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By: Scott Grossman on October 19th, 2016

Riverside Probate Attorney on Evidence You’ll Need to Prove Duress

If you suspect that a loved one’s trust was created or signed because someone else threatened or abused him or her, what you suspect is that the terms of that trust were procured under duress. Duress is a form of undue influence; it essentially means bullying a testator into the desired terms. Proving duress can be challenging for the reasons below.

Obviously, the testator can no longer speak for him or herself. So, anyone calling the legitimacy of a trust into question will find gathering evidence to support the claim extremely difficult.

Evidence Needed to Prove Duress

You will find that all of the available evidence is circumstantial in nature. Circumstantial evidence can be used in court, but it will need to be substantial. This evidence is readily backed up by testimony from other family members, friends, and doctors. For instance, medical records can generally only demonstrate that an individual was in a weakened or confused state and therefore more vulnerable to duress. You will need to demonstrate that someone had means and opportunity to exercise duress on the testator.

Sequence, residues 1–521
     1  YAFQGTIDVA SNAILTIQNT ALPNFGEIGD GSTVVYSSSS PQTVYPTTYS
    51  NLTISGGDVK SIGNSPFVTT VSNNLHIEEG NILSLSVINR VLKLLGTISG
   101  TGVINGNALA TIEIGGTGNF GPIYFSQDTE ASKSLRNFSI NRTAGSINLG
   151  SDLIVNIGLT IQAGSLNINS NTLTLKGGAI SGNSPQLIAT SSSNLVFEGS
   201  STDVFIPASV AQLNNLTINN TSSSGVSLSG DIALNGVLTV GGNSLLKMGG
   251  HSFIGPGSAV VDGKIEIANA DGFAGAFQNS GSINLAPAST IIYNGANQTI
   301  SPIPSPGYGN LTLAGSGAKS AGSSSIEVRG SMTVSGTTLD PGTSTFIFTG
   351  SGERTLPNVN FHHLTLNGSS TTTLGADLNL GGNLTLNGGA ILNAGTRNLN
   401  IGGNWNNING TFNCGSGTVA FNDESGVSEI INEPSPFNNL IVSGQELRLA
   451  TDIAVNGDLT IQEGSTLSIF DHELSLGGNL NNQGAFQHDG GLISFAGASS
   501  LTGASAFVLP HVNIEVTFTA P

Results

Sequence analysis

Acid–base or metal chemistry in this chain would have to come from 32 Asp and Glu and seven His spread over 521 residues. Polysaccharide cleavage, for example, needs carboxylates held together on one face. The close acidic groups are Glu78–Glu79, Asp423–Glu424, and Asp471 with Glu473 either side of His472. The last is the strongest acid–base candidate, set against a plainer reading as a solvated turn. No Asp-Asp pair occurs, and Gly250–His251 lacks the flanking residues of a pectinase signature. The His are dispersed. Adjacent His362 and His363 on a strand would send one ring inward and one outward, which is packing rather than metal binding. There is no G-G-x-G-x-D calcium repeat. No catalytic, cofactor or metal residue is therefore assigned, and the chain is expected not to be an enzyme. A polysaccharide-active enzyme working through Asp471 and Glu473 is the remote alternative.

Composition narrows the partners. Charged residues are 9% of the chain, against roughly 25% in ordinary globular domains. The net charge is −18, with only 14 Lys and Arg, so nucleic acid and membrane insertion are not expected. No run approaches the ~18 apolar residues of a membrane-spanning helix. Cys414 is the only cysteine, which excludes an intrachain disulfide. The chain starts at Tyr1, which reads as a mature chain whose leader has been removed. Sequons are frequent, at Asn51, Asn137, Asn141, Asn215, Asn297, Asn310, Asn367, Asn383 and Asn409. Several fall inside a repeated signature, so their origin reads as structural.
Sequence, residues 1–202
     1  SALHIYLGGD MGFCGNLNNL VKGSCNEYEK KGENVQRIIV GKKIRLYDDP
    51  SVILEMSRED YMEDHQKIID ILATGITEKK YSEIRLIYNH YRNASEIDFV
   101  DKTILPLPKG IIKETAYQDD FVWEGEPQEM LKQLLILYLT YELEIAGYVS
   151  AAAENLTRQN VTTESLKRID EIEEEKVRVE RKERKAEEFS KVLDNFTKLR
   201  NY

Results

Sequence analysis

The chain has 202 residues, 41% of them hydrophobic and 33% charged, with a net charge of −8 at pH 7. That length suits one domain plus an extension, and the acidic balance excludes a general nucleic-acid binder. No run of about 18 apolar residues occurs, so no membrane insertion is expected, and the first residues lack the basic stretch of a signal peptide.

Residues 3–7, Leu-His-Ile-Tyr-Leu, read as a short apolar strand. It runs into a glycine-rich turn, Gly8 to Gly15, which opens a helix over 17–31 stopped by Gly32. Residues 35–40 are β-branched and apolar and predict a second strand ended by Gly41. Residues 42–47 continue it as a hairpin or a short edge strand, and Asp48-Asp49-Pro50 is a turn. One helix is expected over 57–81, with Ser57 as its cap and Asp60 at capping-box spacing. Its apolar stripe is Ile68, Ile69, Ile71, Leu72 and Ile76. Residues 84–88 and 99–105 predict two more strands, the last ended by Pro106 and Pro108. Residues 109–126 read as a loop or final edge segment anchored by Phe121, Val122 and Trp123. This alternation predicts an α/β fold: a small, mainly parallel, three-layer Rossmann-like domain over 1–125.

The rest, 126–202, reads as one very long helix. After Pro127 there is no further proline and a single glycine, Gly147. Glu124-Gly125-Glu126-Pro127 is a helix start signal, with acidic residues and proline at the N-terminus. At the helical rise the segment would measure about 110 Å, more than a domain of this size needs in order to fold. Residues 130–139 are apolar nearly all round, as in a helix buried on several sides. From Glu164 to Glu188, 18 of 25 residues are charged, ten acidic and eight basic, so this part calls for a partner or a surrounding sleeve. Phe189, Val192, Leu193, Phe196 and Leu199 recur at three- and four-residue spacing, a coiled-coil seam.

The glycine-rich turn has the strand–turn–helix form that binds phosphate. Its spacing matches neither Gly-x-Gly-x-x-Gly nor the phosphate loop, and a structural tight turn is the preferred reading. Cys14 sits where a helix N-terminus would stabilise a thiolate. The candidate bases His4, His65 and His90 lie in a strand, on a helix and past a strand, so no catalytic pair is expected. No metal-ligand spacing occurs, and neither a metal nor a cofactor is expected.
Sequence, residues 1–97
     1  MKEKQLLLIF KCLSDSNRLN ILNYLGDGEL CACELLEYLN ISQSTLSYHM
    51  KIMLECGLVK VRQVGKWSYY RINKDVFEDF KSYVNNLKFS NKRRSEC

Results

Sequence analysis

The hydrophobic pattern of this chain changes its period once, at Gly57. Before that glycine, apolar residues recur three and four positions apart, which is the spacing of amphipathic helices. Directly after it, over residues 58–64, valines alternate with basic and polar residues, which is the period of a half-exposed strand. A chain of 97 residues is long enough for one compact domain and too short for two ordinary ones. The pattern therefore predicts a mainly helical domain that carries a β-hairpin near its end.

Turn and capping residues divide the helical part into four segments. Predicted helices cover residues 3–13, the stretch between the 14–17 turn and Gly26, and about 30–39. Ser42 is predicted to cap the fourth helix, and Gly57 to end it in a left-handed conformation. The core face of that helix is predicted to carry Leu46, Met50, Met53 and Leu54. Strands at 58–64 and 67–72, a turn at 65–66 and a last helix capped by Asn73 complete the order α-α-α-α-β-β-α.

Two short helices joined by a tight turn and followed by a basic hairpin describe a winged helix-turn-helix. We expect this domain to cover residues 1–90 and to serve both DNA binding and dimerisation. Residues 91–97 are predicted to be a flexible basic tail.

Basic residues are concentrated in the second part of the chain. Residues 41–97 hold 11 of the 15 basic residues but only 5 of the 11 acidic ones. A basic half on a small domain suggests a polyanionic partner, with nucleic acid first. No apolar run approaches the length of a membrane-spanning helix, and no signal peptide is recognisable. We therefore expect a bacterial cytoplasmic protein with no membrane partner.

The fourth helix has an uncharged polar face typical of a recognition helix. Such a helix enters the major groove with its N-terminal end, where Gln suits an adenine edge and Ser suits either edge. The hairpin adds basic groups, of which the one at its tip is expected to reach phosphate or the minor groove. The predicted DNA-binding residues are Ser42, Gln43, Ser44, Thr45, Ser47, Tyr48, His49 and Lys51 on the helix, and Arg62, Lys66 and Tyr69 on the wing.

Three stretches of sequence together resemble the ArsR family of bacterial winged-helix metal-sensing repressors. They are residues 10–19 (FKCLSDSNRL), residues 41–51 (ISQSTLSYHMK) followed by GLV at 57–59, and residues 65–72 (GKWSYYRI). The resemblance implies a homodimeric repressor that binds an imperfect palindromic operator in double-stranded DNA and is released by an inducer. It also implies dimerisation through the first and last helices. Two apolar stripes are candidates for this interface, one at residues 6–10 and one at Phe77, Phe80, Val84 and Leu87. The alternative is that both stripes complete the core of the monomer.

Medical records and any physical communications from the testator mentioning the individual or individuals who may have been pressuring them should be collected and shown to legal counsel while you are deciding whether or not you will pursue California trust litigation.

Are you concerned your loved one was bullied into signing a trust he or she didn’t agree with? Talk with a Riverside probate attorney as soon as possible. The Grossman Law Firm offers San Diego trust litigation, will contests, and probate services. Call for a free, 30-minute consultation with one of our lawyers today at 888-443-6590. To reach us online, fill out our quick contact form.

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